It was common for non-citizens to have made their declarations of intent, or to do so after applying for homestead. The several years between date of application and date of proving up availed plenty of time for the homesteader to set about getting his/her citizenship status in order.
Human nature being what it is, this homesteader procrastinated until the last minute.
In this file, we see that Hans Henirich Hein waited too long to obtain his citizenship papers. Page 8 of this set of images is the first page of a two-page letter whereby Mr. Hein is seeking the indulgence of the Secretary of the Interior (the General Land Office is within the Department of the Interior). The commissioner relates how Mr. Hein did not obtain his citizenship until seventeen days after his proving up date; the reason is explained on the second page, page 9 (pictured here) of the images: " ...the district court for said county did not convene until November 9, 1899." Page 10 expands upon his dilemma.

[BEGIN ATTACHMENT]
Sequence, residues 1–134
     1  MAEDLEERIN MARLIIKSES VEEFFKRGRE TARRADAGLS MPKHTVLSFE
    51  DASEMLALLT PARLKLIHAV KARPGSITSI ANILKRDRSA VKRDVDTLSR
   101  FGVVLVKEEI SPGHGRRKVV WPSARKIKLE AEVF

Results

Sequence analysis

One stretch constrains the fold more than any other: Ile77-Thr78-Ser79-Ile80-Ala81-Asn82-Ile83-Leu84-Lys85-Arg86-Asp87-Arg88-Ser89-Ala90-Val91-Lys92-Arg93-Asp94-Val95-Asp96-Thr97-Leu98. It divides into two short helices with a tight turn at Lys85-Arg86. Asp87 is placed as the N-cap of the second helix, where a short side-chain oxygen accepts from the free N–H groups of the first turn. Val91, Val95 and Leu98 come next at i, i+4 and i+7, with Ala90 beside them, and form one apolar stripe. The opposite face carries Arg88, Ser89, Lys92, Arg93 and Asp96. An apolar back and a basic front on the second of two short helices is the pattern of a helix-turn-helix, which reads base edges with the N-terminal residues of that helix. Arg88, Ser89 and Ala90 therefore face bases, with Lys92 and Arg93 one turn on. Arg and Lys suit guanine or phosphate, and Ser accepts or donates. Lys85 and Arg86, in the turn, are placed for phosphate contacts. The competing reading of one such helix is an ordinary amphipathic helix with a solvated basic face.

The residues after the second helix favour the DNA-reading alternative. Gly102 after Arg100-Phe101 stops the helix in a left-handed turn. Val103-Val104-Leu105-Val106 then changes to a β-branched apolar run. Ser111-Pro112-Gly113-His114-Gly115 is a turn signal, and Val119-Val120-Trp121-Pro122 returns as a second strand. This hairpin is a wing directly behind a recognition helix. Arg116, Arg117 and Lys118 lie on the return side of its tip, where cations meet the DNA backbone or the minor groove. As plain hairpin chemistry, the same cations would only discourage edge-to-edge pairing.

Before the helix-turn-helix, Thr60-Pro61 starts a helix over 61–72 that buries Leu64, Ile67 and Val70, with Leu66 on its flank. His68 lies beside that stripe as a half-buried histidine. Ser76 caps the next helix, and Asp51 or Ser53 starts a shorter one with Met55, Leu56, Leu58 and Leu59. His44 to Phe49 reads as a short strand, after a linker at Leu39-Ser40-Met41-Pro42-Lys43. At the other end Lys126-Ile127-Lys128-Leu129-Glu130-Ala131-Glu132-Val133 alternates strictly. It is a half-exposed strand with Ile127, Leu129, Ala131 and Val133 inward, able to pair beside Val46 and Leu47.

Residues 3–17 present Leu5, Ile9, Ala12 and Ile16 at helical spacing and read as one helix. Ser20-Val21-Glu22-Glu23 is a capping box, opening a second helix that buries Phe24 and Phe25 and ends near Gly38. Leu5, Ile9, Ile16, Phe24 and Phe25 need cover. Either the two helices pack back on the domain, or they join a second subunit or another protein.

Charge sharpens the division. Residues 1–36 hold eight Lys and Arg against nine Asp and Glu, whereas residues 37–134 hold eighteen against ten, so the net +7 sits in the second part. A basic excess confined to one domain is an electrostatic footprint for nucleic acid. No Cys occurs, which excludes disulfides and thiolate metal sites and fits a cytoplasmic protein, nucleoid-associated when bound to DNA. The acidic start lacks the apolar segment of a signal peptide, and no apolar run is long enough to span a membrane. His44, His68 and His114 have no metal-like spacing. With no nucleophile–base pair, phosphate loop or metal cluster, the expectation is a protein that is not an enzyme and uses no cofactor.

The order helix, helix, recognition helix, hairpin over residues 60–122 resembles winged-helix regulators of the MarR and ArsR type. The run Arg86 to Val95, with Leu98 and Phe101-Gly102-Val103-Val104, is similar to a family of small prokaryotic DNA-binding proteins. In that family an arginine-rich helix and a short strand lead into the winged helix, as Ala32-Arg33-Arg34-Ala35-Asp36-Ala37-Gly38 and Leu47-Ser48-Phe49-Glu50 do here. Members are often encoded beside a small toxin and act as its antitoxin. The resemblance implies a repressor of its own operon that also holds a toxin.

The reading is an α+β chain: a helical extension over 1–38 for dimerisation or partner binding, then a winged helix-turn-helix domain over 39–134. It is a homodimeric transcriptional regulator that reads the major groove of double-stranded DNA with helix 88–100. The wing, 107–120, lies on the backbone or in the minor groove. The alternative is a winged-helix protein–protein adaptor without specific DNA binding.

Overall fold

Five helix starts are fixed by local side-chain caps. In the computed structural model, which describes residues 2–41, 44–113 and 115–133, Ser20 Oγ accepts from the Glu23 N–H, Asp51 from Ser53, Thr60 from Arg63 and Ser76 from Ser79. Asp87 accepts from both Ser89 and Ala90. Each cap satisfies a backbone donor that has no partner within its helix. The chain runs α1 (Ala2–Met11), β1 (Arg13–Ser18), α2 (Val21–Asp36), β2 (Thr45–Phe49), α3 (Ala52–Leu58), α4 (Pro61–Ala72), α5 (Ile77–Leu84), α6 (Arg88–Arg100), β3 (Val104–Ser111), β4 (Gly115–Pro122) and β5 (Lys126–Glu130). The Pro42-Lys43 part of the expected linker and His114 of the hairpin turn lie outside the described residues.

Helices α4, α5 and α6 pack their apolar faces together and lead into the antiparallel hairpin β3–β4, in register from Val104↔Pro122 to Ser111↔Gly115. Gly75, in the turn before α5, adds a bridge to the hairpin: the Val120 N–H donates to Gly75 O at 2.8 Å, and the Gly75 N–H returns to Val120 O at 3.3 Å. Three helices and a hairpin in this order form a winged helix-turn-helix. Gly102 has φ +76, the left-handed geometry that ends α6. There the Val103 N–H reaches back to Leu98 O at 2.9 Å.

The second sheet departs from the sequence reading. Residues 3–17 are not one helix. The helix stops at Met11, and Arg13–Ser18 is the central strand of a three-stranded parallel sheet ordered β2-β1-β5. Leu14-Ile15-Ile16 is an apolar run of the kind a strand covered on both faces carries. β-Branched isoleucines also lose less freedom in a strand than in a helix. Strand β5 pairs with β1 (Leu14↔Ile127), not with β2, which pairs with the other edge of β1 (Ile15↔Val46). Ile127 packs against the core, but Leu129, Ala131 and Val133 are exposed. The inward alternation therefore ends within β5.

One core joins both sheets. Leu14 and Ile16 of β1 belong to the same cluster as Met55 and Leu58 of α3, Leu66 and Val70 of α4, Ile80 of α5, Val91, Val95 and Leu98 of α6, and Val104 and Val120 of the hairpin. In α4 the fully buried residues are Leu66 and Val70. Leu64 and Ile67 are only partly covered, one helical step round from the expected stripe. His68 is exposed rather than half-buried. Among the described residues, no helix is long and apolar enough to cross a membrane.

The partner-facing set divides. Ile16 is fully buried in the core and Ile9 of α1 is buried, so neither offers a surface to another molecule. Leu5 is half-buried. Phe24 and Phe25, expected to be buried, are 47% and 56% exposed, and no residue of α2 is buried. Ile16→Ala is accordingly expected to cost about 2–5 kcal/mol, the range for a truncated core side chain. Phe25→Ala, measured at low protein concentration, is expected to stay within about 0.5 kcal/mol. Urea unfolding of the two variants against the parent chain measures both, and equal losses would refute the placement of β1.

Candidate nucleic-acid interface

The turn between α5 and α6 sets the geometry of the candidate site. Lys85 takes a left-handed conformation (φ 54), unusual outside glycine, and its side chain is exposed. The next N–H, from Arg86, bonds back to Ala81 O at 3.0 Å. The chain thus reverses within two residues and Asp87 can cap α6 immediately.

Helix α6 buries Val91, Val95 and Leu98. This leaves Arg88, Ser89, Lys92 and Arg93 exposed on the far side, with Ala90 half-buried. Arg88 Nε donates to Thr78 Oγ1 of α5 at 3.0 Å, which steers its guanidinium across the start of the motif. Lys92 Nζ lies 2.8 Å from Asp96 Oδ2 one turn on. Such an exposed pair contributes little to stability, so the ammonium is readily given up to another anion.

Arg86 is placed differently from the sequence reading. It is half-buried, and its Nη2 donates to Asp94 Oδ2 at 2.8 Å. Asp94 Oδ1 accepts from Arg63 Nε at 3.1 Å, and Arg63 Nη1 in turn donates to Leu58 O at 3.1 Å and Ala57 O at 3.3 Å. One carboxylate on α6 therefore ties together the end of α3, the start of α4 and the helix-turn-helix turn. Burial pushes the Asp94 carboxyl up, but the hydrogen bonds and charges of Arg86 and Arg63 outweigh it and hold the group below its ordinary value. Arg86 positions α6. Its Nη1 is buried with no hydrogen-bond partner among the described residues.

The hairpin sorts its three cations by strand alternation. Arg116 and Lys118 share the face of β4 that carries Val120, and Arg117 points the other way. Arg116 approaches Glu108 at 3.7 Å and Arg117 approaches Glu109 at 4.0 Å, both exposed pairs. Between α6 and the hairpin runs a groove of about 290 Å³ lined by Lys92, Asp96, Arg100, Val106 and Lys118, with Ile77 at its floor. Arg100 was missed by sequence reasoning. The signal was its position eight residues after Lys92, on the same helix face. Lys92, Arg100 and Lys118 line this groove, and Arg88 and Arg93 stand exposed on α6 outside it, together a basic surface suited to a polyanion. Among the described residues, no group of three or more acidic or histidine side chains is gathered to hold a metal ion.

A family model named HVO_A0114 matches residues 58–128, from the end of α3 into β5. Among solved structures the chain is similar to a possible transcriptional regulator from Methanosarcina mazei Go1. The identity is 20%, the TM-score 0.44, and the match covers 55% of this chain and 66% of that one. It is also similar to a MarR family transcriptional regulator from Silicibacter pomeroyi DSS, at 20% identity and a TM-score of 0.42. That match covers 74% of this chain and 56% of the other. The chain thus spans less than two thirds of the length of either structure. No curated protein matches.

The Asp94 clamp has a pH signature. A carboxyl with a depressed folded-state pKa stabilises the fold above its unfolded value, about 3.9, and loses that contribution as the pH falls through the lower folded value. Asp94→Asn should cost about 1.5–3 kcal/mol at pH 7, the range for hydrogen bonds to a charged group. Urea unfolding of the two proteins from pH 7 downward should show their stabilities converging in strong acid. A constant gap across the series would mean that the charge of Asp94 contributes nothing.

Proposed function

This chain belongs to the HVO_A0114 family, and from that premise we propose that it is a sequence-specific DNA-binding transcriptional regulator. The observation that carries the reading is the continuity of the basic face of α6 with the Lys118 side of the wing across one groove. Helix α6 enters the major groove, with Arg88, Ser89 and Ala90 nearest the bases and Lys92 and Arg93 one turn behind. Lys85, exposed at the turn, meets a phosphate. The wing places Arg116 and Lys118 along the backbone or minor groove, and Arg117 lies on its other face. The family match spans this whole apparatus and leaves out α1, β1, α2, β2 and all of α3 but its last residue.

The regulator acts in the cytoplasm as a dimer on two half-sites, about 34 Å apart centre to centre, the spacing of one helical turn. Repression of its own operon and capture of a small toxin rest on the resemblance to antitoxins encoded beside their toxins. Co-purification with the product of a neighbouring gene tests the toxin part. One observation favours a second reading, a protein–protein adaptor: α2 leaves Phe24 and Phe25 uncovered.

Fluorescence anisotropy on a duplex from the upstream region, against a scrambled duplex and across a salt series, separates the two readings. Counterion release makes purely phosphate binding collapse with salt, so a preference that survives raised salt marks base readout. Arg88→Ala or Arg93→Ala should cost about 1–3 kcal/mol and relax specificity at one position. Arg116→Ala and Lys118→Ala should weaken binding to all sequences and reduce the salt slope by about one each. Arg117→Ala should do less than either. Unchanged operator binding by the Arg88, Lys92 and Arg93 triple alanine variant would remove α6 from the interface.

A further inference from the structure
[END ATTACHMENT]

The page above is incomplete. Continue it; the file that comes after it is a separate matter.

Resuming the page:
A special note regarding the unexpected spelling of Mr. Hein's middle name: "Henirich" is not the usual spelling for Heinrich. The careful researcher would note this oddity and consider this a more accurate reflection of how this man wanted his name spelled, as written by his own hand (pages 10, 15, and other pages).